The U.S. Military Is Taking Notes on the War in Ukraine

The U.S. Military Is Taking Notes on the War in Ukraine
Ukrainian servicemen prepare to fire at Russian positions from a U.S.-supplied M777 howitzer in the Kharkiv region, Ukraine, July 14, 2022 (AP photo by Evgeniy Maloletka).

More than a year into Russia’s invasion of Ukraine, the two sides’ successes and failures on the battlefield have provided other armed forces around the world with valuable lessons, helping them to identify applicable innovations, vulnerabilities in their own forces and ways to protect themselves against enemy strengths.

Warfare is an undertaking fraught with many variables that make it difficult to assess the capabilities of a fighting force until you actually fight it. So many things can go wrong—and very often do. So, the effectiveness of an army depends on its ability to adapt when confronted with unexpected developments on the battlefield.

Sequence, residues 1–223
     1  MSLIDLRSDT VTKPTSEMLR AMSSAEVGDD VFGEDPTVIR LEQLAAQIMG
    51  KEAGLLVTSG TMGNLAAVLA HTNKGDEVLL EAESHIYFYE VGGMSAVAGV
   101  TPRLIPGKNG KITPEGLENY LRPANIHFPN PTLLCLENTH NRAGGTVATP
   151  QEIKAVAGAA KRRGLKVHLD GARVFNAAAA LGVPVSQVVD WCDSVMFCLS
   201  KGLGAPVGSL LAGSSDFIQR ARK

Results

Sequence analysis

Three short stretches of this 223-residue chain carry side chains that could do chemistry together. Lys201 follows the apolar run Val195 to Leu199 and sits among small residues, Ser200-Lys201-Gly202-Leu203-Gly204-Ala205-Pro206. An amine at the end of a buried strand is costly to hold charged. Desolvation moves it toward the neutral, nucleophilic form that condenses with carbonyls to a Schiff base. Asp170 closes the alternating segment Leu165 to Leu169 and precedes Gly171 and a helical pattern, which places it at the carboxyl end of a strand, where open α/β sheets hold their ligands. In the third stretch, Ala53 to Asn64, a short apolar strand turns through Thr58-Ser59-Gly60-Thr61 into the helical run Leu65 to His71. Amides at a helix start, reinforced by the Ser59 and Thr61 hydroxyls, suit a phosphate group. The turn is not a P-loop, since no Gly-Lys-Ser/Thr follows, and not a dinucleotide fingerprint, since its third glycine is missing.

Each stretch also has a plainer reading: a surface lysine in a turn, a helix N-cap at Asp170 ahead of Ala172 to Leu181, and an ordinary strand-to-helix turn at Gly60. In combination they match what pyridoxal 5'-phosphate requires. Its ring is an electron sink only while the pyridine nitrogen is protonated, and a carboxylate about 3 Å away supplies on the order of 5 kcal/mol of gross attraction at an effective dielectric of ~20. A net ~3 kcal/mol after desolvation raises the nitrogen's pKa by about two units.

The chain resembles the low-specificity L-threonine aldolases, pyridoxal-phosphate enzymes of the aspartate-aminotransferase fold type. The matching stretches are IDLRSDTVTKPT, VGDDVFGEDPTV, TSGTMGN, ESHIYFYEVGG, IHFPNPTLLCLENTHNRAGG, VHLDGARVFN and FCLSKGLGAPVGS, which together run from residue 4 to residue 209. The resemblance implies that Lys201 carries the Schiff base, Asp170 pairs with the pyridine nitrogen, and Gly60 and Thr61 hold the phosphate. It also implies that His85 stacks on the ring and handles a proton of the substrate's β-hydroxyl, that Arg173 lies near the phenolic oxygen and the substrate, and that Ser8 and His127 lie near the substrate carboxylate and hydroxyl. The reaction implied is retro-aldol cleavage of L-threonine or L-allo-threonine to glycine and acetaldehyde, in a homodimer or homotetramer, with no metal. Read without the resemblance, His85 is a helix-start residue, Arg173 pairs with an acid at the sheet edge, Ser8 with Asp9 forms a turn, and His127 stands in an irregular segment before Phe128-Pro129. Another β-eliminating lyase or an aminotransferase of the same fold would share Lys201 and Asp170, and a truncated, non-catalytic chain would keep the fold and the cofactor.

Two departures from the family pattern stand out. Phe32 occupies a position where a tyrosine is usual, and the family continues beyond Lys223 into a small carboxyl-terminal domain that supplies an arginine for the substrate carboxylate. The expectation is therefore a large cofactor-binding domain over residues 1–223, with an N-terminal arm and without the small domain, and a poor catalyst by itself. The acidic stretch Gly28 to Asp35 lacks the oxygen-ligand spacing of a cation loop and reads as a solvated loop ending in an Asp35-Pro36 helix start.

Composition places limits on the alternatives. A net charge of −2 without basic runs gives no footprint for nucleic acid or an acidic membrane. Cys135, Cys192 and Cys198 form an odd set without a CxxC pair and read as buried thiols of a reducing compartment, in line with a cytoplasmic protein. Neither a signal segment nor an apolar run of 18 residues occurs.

Western militaries invest heavily in training and trusting the judgment of their junior ranks, officer and enlisted personnel alike; some even pretend to rely wholly on them. This reflects what retired U.S. Gen. Charles Krulak described as the strategic corporal and the 19th-century German Chief of Staff German Helmuth von Moltke referred to as mission command: Armies in combat succeed or fail on the judgments and decisions of their junior ranks, so the safest course of action amid the fog of war is to ensure the entire chain of command understands the commander’s intent and the mission’s objectives.

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